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Trends Mol Med. 2017 Jul;23(7):580-582. doi: 10.1016/j.molmed.2017.05.008. Epub 2017 Jun 2.

The Boosting Potential of Bacteria in Cancer Immunotherapy.

Author information

1
Department of Radiation Oncology, University of Colorado School of Medicine, Aurora, CO 80045, USA.
2
Department of Neurological Surgery, Northwestern University Feinberg School of Medicine, Chicago, IL 60611, USA; Department of Microbiology-Immunology, Northwestern University Feinberg School of Medicine, Chicago, IL 60611, USA; Department of Medicine-Hematology/Oncology, Northwestern University Feinberg School of Medicine, Chicago, IL 60611, USA; Robert H. Lurie Comprehensive Cancer Center of Northwestern University, Chicago, IL 60611, USA. Electronic address: derekwainwright@northwestern.edu.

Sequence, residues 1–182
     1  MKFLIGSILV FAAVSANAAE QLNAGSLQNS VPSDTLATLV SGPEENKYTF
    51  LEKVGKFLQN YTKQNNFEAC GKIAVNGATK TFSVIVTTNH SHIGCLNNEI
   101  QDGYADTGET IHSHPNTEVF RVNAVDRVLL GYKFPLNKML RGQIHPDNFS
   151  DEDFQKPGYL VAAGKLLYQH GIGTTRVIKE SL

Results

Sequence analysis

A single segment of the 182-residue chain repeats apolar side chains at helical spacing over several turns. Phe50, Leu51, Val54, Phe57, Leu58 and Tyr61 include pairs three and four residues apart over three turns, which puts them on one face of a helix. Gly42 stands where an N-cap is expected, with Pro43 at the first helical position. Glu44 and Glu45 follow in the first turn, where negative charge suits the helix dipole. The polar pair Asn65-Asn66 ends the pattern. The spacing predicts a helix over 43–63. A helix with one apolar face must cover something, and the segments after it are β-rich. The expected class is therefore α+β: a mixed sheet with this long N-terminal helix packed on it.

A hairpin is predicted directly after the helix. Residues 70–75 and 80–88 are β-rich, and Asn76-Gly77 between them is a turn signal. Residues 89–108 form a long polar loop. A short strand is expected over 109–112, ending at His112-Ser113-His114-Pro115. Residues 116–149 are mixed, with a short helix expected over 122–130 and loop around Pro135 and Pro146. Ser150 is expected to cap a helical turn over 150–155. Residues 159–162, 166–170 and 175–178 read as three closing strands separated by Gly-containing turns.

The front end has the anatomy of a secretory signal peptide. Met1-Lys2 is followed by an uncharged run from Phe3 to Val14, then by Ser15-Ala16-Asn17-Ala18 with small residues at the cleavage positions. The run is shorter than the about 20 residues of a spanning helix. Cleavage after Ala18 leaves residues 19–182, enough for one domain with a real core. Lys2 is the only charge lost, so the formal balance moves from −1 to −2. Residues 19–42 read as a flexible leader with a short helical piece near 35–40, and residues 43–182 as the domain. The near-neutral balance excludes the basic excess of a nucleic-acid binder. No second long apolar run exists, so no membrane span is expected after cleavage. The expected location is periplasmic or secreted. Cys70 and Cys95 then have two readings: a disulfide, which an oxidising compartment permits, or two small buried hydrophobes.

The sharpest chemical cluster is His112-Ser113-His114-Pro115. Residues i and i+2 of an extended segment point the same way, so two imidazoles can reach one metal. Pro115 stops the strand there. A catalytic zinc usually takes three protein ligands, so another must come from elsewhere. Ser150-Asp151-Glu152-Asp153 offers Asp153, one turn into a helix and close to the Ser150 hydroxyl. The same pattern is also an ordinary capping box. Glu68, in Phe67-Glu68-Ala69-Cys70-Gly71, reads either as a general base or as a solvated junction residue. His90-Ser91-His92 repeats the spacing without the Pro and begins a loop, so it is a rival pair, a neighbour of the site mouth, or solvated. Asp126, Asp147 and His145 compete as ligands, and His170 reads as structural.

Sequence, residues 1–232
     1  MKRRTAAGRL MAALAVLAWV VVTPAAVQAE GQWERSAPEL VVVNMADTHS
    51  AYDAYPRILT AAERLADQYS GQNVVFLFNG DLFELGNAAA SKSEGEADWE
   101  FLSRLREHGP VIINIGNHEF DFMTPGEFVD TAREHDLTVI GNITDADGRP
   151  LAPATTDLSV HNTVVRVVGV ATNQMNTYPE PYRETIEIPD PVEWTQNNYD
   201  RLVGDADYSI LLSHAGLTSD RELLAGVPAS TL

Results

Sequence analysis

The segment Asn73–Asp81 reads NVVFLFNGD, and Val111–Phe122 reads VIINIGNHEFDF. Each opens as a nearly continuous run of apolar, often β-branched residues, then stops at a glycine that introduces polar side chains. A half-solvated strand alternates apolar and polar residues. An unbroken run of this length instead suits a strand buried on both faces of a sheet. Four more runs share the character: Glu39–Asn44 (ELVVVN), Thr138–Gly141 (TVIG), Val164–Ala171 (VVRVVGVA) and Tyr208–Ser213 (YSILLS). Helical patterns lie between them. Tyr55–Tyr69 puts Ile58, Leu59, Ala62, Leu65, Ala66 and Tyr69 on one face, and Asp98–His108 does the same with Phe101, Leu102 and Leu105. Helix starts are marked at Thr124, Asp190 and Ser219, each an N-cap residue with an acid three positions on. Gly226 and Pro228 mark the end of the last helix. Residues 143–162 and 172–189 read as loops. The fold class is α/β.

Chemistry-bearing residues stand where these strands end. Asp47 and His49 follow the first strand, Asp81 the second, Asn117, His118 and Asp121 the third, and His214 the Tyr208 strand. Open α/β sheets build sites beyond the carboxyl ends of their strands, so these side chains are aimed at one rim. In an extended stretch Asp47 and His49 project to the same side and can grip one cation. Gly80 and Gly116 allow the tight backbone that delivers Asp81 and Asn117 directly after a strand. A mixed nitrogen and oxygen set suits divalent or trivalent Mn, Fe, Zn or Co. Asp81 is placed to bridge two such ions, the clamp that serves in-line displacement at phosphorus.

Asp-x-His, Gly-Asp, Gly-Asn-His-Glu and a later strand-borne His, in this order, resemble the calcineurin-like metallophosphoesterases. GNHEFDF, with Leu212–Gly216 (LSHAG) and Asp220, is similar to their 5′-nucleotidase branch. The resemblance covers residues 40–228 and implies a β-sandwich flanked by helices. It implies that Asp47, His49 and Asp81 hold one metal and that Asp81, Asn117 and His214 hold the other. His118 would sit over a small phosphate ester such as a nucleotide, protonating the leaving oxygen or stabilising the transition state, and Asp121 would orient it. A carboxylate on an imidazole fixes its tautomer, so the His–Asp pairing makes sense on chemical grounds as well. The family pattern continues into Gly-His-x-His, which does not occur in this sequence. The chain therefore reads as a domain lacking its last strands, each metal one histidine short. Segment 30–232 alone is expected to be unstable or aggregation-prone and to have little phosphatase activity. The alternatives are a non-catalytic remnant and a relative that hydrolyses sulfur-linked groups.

Abstract

Salmonella Typhimurium, engineered to express flagellin B, recently demonstrated unprecedented tumor control through a TLR-dependent mechanism. Here, we review new observations that support the potential of utilizing modified bacteria to enhance antitumor immunity. We also discuss the implications of these findings for clinical applications, including immune checkpoint blockade therapies.

PMID:
28583420
PMCID:
PMC5515260
DOI:
10.1016/j.molmed.2017.05.008
[Indexed for MEDLINE]
Free PMC Article

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